Tier 2 credit approval is granted to borrowers with acceptable but not optimal credit histories. While getting approved under Tier 2 credit means you will be able to finance a purchase, the terms will not be as generous as if you had better credit. If you make all of your payments on time under a Tier 2 financing arrangement, your credit score should rise, possibly allowing you to qualify for better terms on your next loan.
While the industry-standard credit scoring model is the FICO score, many companies use different scoring models to assess customer credit. For example, Equifax, one of the three major credit reporting agencies in the U.S., uses a formula known as the BEACON score, and some car- and home-financing lenders use proprietary models. Regardless of the scoring model used, Tier 1 is usually the highest scoring range available, with the occasional classification of Tier 0 as the top score. Using the FICO scoring model, in which credit scores range from 350 to 850, scores of 660 to 700 typically qualify for Tier 2 credit.
Higher interest rates are the typical consequence of qualifying for Tier 2 credit instead of a higher tier. For example, if Tier 1 credit rates for a home improvement loan are 7.99 percent, Tier 2 rates may be in the neighborhood of 9.99 percent. Depending on the length of the loan and the amount of money you borrow, this could cost you a substantially larger amount over time.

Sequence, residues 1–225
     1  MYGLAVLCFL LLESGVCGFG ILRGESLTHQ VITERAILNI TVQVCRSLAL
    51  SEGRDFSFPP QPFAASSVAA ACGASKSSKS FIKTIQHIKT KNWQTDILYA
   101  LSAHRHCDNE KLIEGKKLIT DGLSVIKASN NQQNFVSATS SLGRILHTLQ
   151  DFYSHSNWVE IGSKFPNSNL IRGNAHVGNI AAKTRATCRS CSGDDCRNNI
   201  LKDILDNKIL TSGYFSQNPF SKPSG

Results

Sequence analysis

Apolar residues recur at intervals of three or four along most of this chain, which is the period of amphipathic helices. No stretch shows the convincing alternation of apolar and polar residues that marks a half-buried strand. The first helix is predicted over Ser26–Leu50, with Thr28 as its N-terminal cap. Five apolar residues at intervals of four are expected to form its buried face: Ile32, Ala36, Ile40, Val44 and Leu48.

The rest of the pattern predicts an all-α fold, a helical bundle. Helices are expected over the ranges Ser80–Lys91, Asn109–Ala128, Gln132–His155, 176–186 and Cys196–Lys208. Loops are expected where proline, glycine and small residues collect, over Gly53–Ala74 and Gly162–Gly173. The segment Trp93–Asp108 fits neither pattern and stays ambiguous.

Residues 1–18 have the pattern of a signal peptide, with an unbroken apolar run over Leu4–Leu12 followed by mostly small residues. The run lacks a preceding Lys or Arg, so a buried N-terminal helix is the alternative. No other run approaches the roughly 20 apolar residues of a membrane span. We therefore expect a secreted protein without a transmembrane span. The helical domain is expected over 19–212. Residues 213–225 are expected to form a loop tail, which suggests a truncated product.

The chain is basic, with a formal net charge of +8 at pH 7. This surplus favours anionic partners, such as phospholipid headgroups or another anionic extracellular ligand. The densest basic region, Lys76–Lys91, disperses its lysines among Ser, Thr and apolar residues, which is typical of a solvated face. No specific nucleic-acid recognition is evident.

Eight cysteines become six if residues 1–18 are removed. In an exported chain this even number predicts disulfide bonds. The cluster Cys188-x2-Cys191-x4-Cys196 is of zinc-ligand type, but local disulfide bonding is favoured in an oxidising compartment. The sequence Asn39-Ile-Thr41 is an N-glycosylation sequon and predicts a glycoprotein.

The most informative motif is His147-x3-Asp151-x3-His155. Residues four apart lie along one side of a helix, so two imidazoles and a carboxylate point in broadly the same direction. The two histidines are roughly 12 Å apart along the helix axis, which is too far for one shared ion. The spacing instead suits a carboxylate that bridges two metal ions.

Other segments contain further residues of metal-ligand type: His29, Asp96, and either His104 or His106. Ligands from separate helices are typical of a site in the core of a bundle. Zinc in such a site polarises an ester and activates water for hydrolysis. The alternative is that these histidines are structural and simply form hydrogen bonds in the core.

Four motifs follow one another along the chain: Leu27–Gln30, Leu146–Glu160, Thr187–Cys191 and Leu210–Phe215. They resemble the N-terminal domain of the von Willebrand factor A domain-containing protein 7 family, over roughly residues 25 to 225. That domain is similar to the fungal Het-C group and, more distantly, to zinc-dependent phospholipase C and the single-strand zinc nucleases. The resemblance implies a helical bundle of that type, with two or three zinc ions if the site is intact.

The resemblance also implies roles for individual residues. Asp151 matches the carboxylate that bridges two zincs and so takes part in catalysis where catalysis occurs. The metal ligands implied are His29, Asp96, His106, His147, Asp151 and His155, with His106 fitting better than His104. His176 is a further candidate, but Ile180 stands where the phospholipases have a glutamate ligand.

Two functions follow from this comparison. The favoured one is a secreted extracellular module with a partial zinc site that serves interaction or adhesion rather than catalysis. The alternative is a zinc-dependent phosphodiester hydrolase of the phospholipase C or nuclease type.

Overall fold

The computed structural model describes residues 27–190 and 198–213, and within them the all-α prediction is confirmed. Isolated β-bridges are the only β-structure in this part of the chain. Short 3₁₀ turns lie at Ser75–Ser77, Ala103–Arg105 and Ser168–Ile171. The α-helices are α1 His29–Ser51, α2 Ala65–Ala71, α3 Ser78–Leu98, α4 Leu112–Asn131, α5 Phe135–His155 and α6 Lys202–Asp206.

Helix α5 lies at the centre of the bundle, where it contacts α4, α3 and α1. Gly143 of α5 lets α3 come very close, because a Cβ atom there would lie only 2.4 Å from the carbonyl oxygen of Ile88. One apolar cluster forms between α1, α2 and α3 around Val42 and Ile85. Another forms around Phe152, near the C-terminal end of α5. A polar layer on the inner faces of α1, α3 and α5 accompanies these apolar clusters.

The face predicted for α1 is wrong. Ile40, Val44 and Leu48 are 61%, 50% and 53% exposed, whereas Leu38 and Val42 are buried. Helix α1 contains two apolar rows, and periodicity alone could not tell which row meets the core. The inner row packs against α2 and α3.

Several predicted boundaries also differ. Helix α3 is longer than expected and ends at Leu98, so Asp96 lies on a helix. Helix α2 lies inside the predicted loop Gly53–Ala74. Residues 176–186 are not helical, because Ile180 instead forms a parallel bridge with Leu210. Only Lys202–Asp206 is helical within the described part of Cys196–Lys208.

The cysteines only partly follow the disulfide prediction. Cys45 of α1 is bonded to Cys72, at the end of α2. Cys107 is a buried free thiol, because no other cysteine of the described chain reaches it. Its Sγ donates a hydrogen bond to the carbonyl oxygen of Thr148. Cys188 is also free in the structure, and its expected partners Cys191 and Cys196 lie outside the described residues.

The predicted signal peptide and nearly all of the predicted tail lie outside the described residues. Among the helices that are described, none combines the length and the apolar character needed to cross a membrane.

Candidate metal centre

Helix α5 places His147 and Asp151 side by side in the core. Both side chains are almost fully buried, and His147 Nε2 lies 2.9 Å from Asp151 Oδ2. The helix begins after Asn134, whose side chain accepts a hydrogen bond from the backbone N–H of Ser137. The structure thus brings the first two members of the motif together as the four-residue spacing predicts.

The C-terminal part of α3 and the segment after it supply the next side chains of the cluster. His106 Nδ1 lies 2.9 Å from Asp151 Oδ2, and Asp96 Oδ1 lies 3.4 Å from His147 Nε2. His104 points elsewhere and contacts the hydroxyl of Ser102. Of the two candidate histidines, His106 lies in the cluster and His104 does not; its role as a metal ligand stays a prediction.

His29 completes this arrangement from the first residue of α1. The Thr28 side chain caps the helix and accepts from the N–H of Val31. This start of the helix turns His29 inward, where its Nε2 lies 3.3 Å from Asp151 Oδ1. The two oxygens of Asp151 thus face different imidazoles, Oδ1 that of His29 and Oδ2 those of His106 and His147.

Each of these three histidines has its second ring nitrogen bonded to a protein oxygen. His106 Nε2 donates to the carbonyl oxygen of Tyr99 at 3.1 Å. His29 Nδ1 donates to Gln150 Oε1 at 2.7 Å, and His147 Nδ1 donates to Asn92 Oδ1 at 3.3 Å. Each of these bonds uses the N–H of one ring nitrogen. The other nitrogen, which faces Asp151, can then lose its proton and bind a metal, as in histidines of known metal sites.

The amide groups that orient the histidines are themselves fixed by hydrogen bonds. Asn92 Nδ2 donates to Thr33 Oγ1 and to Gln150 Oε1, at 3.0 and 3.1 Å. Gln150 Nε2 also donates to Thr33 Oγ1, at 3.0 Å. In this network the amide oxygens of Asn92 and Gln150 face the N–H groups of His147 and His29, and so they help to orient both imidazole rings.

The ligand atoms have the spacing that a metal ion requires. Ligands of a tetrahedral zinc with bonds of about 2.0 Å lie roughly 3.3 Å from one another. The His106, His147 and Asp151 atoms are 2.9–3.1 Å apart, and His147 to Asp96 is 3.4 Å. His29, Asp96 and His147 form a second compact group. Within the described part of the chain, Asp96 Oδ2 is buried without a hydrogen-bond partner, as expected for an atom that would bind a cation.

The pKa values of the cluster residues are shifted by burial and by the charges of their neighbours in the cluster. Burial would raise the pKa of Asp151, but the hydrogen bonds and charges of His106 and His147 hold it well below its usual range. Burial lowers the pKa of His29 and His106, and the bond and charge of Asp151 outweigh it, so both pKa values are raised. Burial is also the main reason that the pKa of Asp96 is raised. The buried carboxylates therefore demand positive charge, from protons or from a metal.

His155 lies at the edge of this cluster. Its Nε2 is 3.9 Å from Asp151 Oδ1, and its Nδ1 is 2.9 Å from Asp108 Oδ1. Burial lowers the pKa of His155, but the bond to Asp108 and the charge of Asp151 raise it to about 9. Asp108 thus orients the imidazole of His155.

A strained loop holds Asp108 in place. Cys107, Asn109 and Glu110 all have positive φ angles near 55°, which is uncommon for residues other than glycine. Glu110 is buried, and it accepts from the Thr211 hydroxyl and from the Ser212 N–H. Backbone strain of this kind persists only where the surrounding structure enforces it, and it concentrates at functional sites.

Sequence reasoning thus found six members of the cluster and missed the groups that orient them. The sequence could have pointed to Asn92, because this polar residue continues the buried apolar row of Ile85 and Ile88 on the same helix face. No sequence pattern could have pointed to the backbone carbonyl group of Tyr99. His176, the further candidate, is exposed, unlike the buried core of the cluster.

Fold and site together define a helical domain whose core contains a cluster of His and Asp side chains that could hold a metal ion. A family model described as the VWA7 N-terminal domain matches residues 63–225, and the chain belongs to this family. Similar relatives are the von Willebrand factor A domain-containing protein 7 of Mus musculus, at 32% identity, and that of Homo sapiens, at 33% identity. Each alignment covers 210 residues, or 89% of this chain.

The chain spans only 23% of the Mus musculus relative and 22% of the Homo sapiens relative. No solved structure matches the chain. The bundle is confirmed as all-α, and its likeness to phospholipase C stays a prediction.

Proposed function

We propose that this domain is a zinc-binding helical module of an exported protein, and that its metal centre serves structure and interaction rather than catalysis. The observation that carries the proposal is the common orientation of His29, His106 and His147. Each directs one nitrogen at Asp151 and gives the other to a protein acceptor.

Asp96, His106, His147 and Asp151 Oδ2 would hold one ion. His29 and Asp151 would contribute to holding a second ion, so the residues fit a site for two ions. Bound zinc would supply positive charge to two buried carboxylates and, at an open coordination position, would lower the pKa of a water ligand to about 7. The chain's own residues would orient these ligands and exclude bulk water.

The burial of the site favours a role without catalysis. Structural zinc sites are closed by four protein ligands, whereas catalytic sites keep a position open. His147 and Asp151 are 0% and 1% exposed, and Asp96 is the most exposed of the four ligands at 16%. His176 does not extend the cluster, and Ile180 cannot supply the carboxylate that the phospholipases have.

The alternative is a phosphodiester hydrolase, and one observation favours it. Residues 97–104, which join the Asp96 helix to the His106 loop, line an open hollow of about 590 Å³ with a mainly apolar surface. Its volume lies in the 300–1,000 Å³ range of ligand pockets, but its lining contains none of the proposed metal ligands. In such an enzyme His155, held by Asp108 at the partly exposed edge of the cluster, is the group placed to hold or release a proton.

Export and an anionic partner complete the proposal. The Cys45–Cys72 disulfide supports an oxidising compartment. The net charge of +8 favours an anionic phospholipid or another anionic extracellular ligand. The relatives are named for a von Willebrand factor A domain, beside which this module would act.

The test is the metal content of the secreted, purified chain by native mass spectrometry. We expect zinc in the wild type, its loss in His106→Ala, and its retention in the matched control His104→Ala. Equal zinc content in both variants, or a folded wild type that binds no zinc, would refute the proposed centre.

Ways to Improve
To qualify for higher-tier credit and lower interest rates, you must improve your credit score. Your FICO score has five components, with payment history, amount owed and length of credit history collectively accounting for 80 percent of the score. If you keep your debt balances low and have a long history of on-time payments, your credit score should move toward the top tier. Having a variety of credit accounts, such as car loans, a home mortgage and credit cards will also contribute to a rising credit score, as will limiting the amount of new credit you apply for.
Although your credit score helps lenders decide what credit tier to offer you, they are not bound to extend you credit simply based on your score. Many companies have finance departments that consider a credit score just one of many variables in the financing process.
After receiving a Bachelor of Arts in English from UCLA, John Csiszar earned a Certified Financial Planner designation and served 18 years as an investment adviser. Csiszar has served as a technical writer for various financial firms and has extensive experience writing for online publications.